With included amenities like meals, activities, and room service, cruises can be much more cost-effective than land-based vacations. Plus, you can visit multiple destinations without extra transportation costs while only unpacking once.
Here’s what you'll typically find included in the rate of your cruise. Please note this varies by cruise line:
Included in Rate
Not Included in Rate
Most non-alcoholic drinks (including coffee and tea)
Onboard activities (pools, waterslides, rock-climbing, and more
Entertainment (onboard stage shows, comedy acts, trivia and more
Children’s activities and clubs
Specialty coffees, sodas and alcoholic beverages
Meals in alternative restaurants
Organized shore excursions
Spa or salon services
Special exercise classes
Cruise lines have been taking extra precautions to ensure your cruise experience is both enjoyable and safe. For information on vaccine requirements, testing, and refund policies implemented by each cruise line, check out our COVID-19 Cruise Guide for Travel.
There is also this handy search tool that can help you find out more about regulations for destinations, and safety and health guidelines.
Where do cruises go? All over the world! Check out some of the most popular cruise travel destinations below:
In just one European cruise, you can experience Nordic hospitality in Oslo, stroll around the Colosseum in Rome or take a shore excursion to the Hermitage in St. Petersburg.
1. Best Time to Book a Cruise: Wave Season (January–March) is when you'll score the year's top deals, including free perks (like upgrades & onboard credits) and discounted fares.
2. Avoid the Queasy Stomach: Sensitive to motion sickness? Choose a cabin on a lower deck, mid-ship.
3. Arrive Early at the Cruise Port: Plan to arrive at least 2 hours before your ship's departure time. If possible, fly to your embarkation city the night before in case of flight delays.
4. Get Onboard Spa Specials: If you're a spa seeker, look for specials on days the ship is in port. You can save up to 25% - a great way to kick-start a vacation!
5. Ask for a Wakeup Call: Most cabins don't have alarm clocks, so plan to bring your own, or request a phone wakeup call.
6. Celebrate Special Occasions: Celebrating a birthday or anniversary onboard? Preorder flowers, cakes, champagne, and more on your cruise line's website.
7. Check the Daily Onboard Schedule: The ship newsletter is delivered nightly to your cabin. Here, you'll find the next day's entertainment schedule, special events, dinner themes and attire, and other helpful tips.
8. Pose for Pictures: If you don't like lugging your camera around, don't worry! A professional photographer will be onboard to capture special moments, and the photos will be available for purchase at the end of your cruise.
9. Keep Essentials with You on Embarkation Day: When you hand over your luggage at the dock, it may take a few hours to be delivered to your cabin. Make sure you keep essentials like prescriptions, swimsuits, and sunscreen with you in a separate tote bag or backpack.
10. Plan Ahead: Popular shore excursions, spa treatments, and tables at specialty restaurants tend to fill up fast, so check your cruise line’s website to see how far in advance these can be booked.
- Documents: Be sure to pack your passport and travel documents.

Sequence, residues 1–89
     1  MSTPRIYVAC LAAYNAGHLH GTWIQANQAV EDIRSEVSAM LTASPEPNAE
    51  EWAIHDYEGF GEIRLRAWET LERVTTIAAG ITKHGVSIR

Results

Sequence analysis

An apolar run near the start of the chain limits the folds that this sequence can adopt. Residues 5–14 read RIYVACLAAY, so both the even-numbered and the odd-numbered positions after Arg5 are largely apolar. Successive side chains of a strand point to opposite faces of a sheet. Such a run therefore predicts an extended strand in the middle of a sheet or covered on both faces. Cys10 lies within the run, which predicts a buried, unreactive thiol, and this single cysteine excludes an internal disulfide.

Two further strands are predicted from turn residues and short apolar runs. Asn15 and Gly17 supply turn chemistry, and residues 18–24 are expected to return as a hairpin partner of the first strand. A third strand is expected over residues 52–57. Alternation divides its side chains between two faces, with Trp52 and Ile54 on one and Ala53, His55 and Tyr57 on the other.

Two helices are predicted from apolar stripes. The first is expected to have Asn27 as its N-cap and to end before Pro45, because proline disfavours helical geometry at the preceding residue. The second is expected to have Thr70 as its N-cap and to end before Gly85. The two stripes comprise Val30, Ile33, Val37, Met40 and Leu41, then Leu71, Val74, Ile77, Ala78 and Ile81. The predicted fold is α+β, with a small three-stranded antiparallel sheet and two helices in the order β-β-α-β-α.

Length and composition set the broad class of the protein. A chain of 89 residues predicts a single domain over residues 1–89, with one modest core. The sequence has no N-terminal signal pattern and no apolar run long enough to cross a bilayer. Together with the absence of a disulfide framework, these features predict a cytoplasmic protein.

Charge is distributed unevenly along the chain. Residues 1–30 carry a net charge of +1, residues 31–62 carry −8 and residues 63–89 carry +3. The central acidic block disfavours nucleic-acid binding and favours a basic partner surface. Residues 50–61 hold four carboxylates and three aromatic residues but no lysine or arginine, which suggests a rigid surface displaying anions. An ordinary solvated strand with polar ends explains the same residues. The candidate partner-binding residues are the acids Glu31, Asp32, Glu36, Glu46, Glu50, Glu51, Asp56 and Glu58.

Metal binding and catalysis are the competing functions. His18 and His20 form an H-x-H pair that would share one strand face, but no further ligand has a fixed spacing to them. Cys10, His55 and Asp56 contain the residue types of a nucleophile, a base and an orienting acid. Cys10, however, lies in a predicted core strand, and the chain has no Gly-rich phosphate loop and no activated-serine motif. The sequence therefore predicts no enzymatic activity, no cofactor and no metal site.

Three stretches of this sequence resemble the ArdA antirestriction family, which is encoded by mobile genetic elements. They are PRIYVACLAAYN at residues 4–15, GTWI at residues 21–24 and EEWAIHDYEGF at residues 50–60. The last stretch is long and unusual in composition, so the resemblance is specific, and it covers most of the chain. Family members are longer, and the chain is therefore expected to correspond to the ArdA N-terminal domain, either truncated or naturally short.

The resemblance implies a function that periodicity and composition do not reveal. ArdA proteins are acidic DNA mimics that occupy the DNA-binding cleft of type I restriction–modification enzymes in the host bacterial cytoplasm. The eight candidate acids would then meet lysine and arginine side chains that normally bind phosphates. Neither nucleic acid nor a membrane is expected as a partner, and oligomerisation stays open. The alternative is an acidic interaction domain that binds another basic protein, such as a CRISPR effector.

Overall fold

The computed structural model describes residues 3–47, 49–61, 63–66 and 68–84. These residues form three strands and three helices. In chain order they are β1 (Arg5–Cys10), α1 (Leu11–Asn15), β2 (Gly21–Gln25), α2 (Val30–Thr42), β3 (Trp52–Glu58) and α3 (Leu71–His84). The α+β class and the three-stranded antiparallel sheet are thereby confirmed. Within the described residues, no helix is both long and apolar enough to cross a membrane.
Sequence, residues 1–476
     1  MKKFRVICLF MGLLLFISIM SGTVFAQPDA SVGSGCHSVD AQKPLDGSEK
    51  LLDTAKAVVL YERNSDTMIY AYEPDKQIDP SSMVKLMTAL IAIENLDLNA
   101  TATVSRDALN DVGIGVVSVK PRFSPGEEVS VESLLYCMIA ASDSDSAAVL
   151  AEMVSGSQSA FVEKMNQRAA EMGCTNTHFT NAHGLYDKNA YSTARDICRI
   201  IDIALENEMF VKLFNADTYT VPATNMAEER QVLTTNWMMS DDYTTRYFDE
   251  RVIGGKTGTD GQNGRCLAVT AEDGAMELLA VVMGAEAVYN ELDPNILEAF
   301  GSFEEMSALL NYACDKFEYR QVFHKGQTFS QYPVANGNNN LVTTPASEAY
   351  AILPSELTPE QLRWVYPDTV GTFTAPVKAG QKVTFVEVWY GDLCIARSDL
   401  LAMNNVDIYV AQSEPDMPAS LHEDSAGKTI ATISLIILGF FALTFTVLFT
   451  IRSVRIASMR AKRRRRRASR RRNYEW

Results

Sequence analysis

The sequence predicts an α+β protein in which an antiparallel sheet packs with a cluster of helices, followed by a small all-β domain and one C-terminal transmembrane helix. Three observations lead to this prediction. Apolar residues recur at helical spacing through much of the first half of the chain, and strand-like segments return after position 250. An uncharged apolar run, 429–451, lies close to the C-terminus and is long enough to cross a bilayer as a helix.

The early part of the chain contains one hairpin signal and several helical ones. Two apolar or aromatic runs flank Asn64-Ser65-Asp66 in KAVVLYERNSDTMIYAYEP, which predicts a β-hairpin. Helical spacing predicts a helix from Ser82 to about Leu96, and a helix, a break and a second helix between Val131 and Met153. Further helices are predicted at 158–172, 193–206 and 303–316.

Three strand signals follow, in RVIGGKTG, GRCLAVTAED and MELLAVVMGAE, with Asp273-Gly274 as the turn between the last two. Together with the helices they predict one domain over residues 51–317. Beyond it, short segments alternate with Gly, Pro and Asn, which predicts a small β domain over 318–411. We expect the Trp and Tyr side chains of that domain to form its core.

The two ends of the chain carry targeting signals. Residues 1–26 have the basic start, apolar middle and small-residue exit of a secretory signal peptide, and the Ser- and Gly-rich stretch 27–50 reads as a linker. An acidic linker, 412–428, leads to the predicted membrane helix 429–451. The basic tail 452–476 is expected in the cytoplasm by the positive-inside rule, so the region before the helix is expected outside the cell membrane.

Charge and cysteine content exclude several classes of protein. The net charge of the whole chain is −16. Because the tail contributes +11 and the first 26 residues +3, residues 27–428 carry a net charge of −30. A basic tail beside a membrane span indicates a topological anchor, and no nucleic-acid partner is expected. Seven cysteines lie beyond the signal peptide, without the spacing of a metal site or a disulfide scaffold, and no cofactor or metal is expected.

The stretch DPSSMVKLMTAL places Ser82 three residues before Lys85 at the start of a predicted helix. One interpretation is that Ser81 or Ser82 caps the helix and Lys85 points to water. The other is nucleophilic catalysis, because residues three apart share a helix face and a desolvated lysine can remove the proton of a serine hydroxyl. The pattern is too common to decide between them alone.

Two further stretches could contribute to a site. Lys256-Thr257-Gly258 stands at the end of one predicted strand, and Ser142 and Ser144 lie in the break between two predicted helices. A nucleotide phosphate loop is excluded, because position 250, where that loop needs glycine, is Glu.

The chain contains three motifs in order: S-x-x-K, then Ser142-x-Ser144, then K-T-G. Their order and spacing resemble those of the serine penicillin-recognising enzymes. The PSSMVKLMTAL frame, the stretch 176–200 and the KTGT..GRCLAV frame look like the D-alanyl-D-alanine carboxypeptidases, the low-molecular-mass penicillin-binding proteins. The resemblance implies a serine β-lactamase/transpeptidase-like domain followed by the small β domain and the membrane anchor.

- Electronics: For items requiring electrical-outlet usage, such as hair dryers or cell phone chargers, note that most cabins are equipped with U.S. standard 110-volt outlets. Some cabins are also equipped with European standard 220-volt outlets.
- Clothing: Pack with both your destination's climate and the cruise ship's dress code in mind. For Alaska, bring protective rain coverings. For the Caribbean, bring plenty of light, airy clothing and sunscreen. Be sure to pack some formal attire if your ship has formal nights. If you forget anything, that's OK; most ships have casual dining venues, and some ships also have formal wear rental shops.
- Forbidden Items: The following items are not permitted onboard: firearms, weapons of any kind, irons, candles, explosives, or animals (except service animals with permission from the cruise line).
- Internet: Most ships have Internet access (for a fee), including Internet cafés, access from your cabin, or ship-wide wireless. Remember, Internet access at sea is not going to be as fast or reliable as land connections, and therefore may not be available at all times. For a faster connection, use the Internet at night or in port when other guests are ashore. For more details, check out the ship features on your cruise line's website.
- Telephone: Most cabins offer telephones. If your cabin does not have a telephone (which is rare), the ship's radio operator can connect you to a mainland number in case of an emergency. Please keep in mind that making a ship-to-shore telephone call can be quite expensive, and it may be worth waiting to use a pay phone at the next port stop.
- Mobile Devices: Some cruise lines offer onboard service, but reception may depend on your phone carrier. Watch out for expensive additional roaming or usage fees your cell phone provider may issue. To be safe, keep your cell phone off, or on airplane mode, to prevent charges from incoming text messages or roaming.
Embarkation begins when you start to board the ship. You can usually board the ship 3–4 hours before departure. All passengers must be onboard at least 60–90 minutes prior to departure. Check the individual cruise line's policies for final boarding times, and required documentation to board.
Disembarkation can take 2–3 hours. Please allow plenty of time to disembark the ship, go through customs, and get to the airport in time for check-in. We suggest you schedule your return flight to depart a minimum of 6 hours after you're scheduled to arrive in port.